The release of the Chase Sapphire Reserve card set off a whirlwind of excitement, disappointment, questions, and answers around the travel blogosphere. When the card was released, Chase was not particularly clear on the details regarding some of the benefits. Now that people have received their cards and started activating and using the benefits, we have a better understanding of everything this card entails.
Chase Sapphire Reserve Benefits Q&A
1) What is the guest policy for the Priority Pass membership?
The Priority Pass membership offered by the Sapphire Reserve card is one of, if not the most generous of any offered by a credit card. Cardholders receive complimentary guest privileges, and there is no stated limit on the number of guests allowed. However, individual Priority Pass lounges reserve the right to limit the number of companions allowed in with you.
2) Can I get into Priority Pass lounges using the mobile app?
Unfortunately, it seems Chase has made the decision to require the physical card in order to use your Priority Pass membership. Most people have experienced a 2 to 3 week waiting period between the time they activate their Priority Pass membership and the time they receive their physical card. If you are traveling during this waiting period, you can use your Sapphire Reserve card to purchase a day pass up to 2 times and Chase will reimburse you for the expense.
3) How long does it take the credits to post for the $300 annual travel benefit?
We can report excellent news for this benefit, as the travel credits almost always post the same day as the original transaction. Chase has done a nice job coding in the merchant categories allowing for automatic crediting of accounts. This means you won’t be stuck paying a higher than expected statement balance and waiting for the credit to post in a subsequent billing period.
4) What is the minimum credit limit for a Visa Infinite card?
The minimum credit limit for a
5) Does the Sapphire Reserve come with the Visa Infinite $100 companion airfare discount?
Unlike the revamped Chase Ritz-Carlton Rewards Visa Infinite card, the Sapphire Reserve card does not come with this benefit, even though it is also a Visa Infinite card.
6) Is the Sapphire Reserve card made out of metal?
The Sapphire Reserve card is supposed to come encased in metal, very similar to the Sapphire Preferred card. However, Chase vastly under-estimated demand for the card and as a result ran out of metal cards. Therefore, many of those who got approved after the initial wave received plastic cards (inside a nondescript white envelop no less, not the fancy box it was supposed to come in). If you were one of the unlucky souls who received a plastic card, Chase will replace it with a metal one as they become available. You may want to contact Chase to expedite this process, as they are sure to be swamped with requests for a while.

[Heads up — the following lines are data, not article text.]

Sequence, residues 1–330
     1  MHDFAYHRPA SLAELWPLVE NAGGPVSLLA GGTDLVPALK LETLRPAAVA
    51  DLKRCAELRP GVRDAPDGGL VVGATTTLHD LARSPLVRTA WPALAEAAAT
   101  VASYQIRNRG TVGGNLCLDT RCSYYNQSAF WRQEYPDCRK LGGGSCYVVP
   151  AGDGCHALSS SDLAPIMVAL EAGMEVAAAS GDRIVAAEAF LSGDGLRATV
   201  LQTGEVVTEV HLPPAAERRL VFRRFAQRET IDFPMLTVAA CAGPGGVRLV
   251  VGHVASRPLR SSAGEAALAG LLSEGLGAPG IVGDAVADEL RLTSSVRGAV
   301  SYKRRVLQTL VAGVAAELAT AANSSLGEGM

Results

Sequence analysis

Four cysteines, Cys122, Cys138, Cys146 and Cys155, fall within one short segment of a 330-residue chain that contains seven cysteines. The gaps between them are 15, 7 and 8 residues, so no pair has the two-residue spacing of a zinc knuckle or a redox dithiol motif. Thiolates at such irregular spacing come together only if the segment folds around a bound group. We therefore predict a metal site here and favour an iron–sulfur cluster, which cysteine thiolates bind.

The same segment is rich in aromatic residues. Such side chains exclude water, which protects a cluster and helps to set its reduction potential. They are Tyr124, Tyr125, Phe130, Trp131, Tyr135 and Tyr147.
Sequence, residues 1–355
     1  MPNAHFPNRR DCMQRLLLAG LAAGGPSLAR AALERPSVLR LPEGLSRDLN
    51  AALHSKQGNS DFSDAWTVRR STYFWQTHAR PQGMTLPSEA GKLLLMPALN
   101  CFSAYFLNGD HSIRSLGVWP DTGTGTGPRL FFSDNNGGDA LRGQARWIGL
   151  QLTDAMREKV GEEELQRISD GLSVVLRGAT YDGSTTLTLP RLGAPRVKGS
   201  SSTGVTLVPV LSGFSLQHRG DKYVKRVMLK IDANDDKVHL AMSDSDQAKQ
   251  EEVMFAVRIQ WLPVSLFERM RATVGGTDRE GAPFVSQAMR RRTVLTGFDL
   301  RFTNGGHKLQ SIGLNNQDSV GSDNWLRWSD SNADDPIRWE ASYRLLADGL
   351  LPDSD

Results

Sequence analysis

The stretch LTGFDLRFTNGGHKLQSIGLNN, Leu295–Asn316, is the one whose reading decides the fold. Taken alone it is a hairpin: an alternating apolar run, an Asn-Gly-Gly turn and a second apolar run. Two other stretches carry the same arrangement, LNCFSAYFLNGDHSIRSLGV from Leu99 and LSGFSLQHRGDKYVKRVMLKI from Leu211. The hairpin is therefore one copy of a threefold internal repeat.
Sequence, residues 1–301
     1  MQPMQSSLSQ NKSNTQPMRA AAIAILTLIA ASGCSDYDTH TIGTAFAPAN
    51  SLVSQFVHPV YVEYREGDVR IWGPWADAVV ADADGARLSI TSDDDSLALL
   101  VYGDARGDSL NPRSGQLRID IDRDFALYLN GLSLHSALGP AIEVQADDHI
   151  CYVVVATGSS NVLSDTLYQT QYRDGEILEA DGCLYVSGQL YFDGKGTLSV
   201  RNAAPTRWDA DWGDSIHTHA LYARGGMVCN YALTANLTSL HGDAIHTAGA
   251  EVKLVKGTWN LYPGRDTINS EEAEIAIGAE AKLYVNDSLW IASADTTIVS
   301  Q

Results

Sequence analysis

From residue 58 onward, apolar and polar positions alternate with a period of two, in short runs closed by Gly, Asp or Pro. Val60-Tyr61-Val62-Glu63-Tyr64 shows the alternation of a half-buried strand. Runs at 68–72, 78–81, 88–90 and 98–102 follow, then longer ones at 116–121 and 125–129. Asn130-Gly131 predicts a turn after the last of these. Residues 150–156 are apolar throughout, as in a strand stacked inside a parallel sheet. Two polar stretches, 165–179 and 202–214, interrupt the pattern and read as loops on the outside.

How to Get Around Chase’s 5/24 Rule
Ever since Chase implemented it’s dreaded 5/24 rule, which usually results in automatic denials of credit card applications for those who have opened 5 or more new credit card accounts within the last 24 months, the travel rewards blogosphere has strived to determine which cards fall under the rule. When the Sapphire Reserve card was inadvertently made available via a developers’ link, there were many reports of people over 5/24 getting approved, seemingly with no special characteristics to help them get around the rule. This resulted in widespread hope that the Sapphire Reserve card would not be subject to the rule. Alas, it was not to be. Once the official application went live, reports flooded in of people being denied for the card, with Chase reps explicitly citing the 5/24 rule. However, there are several known ways to get around the 5/24 rule. These are not guaranteed to work, but many people have reported success using the various methods described below.
1) Check for a Pre-Approval In-Brach
For those who live near a Chase branch (or will be traveling to a city that has one), simply walk in and ask a banker if you are pre-approved for the Sapphire Reserve card. If they say yes, there is a very high chance that you will be approved instantaneously. If you read the fine print, it will say this was due to “a pre-existing relationship with Chase”.
2) Become a Chase Private Client
Chase Private Client is Chase/JP Morgan’s bespoke savings and investment management service for high-net worth individuals. Technically there is a $250k minimum deposit to be eligible for this service. However, there are a couple ways around this requirement. The first is that if you have a family member who is a Chase Private Client, you can share benefits even if you do not meet the requirements on your own merits. This can be accomplished by being a joint owner of a Chase Private Client checking or savings account, or having your name added to a safety deposit box. The second way is to simply ask your Chase banker to allow you to become a Chase Private Client, even if you do not meet the requirements. You only need $100 to open an account and bankers have the discretion to grant Private Client status before you reach the $250K minimum.
3) Receive a Targeted Offers
While this is not something that you have much control over, receiving a targeted offer may increase your chances of getting approved for a card. Check your regular mail and also use resources such as the CardMatch website to see if you have any targeted offers. While targeted offers don’t increase your odds of approval as much as the previous 2 methods listed here, it could still be worth an application given the huge sign-up bonus and awesome benefits of this card.